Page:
October 11, 2006
BMW has “M”, Mercedes-Benz has “AMG”, and Cadillac has “V”. Not just mere letters, these, as they represent the high performance arm of each automaker. Giving credence to these innocuous suffixes are small and dedicated groups of designers, engineers and craftsmen who turn garden-variety versions of selected vehicles into road burners of the highest order.
I recently got some seat time on the rural roads around Mosport International Raceway in a 2006 Cadillac STS-V and XLR-V – two cars Cadillac would dearly love to have mentioned in the same breath as the BMW M5 and Mercedes-Benz SL55 AMG.
Kevin Smith, Manager of Cadillac Communications North America, refers to the V-Series Caddys (CTS-V, STS-V and XLR-V) as the “family jewels”. Cadillac has long shouldered the stigma as the prime purveyor of luxury land yachts to retirees. With these V cars, Cadillac is hoping to drive a stake in that notion once and for all.
2006 Cadillac XLR-V
The XLR-V, with a price of $112,995, is Cadillac’s most expensive offering. This two-seat roadster, which features a retracting hard top, is a striking piece. The brave, angular and razor-edged styling of the base XLR benefits greatly from the V specific 19” wheels, mesh grills and revised front fascia. It’s a unique look – like nothing else on the road. Whether you love it or loathe it, you can’t dispute that it’s identifiably Cadillac.
Under the hood lies a supercharged and intercooled 4.4-litre DOHC 32-valve Northstar V8 kicking out 443 horsepower @ 6400 rpm and a sturdy 414 lb-ft of torque at 3700 rpm. It works in concert with a rear-mounted and brainy 6-speed automatic that features manumatic shifting. This is a highly sophisticated drivetrain that delivers on its promise. Prod the ‘go’ pedal with some conviction and the 3840-lb XLR-V sits back on its haunches and blasts forward, bellowing a decidedly un-geriatric NASCAR-like howl from the special exhaust system sporting electronically controlled valves that open up for just such occasions.
With the shift lever in the manumatic gate, upshifts and downshifts are called up by tapping the lever forward or back, and the transmission will hold a gear for as long as you want to bump up against the rev limiter. This car could really benefit from wheel-mounted paddle shifters, although the head up display, which projects rpm, speed and gear selection is a welcome feature.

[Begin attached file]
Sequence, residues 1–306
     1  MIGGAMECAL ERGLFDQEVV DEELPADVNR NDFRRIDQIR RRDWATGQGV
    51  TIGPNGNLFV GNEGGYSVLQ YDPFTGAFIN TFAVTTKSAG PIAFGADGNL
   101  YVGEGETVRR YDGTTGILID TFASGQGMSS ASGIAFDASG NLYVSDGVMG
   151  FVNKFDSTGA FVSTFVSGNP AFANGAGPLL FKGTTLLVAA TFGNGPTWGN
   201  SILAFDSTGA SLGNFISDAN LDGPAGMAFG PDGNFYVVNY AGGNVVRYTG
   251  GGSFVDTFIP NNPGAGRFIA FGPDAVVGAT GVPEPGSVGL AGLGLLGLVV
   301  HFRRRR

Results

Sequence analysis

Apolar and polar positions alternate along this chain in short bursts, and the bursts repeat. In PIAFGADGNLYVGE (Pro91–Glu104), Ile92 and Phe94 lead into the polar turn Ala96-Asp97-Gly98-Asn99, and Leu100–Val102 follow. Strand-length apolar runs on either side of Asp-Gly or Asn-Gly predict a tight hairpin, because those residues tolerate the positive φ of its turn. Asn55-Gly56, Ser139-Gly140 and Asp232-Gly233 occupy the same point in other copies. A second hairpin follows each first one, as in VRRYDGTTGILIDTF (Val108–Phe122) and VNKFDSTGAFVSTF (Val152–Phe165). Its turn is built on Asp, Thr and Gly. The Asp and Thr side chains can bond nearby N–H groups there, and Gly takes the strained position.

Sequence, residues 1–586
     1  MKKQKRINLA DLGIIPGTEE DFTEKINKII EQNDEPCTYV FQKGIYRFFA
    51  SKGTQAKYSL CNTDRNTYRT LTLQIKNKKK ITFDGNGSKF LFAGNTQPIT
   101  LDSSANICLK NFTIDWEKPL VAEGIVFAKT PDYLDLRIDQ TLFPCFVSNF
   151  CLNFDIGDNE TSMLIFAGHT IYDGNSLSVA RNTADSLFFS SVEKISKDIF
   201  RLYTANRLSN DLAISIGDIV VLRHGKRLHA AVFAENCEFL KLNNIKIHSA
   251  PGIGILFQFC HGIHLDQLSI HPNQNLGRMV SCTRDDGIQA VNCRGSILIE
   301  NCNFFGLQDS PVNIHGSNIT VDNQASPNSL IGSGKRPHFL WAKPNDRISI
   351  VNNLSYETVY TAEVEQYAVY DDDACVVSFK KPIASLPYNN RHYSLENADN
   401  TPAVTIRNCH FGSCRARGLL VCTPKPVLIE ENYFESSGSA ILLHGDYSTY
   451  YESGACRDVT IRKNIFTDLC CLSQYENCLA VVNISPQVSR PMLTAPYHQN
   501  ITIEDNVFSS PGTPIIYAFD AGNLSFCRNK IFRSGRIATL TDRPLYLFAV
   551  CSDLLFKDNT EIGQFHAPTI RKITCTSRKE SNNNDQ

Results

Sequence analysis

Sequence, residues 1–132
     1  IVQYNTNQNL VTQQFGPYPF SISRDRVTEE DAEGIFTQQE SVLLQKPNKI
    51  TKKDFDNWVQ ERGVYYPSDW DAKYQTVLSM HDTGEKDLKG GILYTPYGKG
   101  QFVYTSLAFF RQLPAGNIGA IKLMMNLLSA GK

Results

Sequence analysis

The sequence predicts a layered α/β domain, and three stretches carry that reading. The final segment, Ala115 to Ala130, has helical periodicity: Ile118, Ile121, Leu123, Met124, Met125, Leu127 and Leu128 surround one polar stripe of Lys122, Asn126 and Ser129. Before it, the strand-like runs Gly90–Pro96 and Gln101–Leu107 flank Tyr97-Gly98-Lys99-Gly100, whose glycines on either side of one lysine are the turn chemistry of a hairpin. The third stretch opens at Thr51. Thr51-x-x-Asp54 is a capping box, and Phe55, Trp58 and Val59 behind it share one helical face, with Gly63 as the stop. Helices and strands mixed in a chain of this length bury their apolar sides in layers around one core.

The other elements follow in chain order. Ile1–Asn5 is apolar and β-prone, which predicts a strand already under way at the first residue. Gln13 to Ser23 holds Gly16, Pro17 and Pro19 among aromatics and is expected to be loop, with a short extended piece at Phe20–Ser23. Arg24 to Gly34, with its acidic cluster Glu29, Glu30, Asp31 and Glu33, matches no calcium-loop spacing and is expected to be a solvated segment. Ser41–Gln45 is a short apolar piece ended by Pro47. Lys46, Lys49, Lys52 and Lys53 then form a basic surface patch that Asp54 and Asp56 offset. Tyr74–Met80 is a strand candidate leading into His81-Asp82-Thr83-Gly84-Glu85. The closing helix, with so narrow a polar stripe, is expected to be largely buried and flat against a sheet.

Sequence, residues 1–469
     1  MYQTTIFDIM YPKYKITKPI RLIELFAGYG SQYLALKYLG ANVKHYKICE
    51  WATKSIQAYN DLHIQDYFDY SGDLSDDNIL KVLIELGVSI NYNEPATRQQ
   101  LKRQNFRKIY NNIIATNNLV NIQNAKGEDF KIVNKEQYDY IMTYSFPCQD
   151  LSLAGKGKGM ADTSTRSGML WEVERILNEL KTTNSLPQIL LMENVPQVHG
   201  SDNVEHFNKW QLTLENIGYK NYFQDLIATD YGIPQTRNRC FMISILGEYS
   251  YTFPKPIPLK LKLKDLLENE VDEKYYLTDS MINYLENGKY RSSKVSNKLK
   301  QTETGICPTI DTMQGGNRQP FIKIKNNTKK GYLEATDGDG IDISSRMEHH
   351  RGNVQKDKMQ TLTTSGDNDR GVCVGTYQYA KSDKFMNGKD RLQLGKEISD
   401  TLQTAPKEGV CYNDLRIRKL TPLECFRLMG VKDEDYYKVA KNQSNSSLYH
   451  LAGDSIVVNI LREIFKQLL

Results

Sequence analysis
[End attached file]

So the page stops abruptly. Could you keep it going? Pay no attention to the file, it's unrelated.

The XLR-V is first and foremost a very fast and comfortable luxury, sport tourer. It shares its basic architecture with the C6 Corvette, but their missions are clearly divergent. The hand-stitched French leather, eucalyptus wood trim, Bvlgari designed gauges and heated/cooled suede surfaced seats in the Cadillac are all about opulence. The ride is suitably comfy, as the XLR-V uses GM’s Magnetic Ride Control – a computer controlled suspension system that can adjust the shock stiffness up to 1000 times per second according to road conditions. The roadster happily dives into a bend and hangs on with vigour, thanks to a rear anti-roll bar (not present on the base XLR), stiffer rear lower-control-arm bushings, and a recalibrated ride program. I did notice a few quivers through the structure over rough surfaces, however.
The steering feel is somewhat disappointing. The system is very light at parking speeds, and although it firms up nicely, it is ultimately inert and doesn’t offer much feedback – perhaps a little hangover from days of old.
2006 Cadillac STS-V
If you’re into sharing your V-ness with a few friends, the rear-drive STS-V ($97,995) is the ticket. It uses the same LC3 supercharged Northstar engine as in the XLR-V, but in his application it makes 469 hp due to freer-flowing intake and exhaust systems, and a deeper sump which reduces windage loss.